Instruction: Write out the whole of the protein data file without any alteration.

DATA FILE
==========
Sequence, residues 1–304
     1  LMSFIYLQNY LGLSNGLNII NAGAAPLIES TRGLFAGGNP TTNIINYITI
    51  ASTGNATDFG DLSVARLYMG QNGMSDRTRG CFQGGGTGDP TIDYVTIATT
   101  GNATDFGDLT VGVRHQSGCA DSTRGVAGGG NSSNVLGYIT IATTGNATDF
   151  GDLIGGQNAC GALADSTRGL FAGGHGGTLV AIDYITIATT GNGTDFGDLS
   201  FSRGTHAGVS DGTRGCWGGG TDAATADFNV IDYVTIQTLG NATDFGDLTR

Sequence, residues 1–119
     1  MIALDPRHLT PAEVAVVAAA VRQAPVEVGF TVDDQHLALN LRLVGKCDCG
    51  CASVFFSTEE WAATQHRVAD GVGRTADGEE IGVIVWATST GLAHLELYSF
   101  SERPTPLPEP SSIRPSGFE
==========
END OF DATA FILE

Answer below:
Sequence, residues 1–304
     1  LMSFIYLQNY LGLSNGLNII NAGAAPLIES TRGLFAGGNP TTNIINYITI
    51  ASTGNATDFG DLSVARLYMG QNGMSDRTRG CFQGGGTGDP TIDYVTIATT
   101  GNATDFGDLT VGVRHQSGCA DSTRGVAGGG NSSNVLGYIT IATTGNATDF
   151  GDLIGGQNAC GALADSTRGL FAGGHGGTLV AIDYITIATT GNGTDFGDLS
   201  FSRGTHAGVS DGTRGCWGGG TDAATADFNV IDYVTIQTLG NATDFGDLTR

Sequence, residues 1–119
     1  MIALDPRHLT PAEVAVVAAA VRQAPVEVGF TVDDQHLALN LRLVGKCDCG
    51  CASVFFSTEE WAATQHRVAD GVGRTADGEE IGVIVWATST GLAHLELYSF
   101  SERPTPLPEP SSIRPSGFE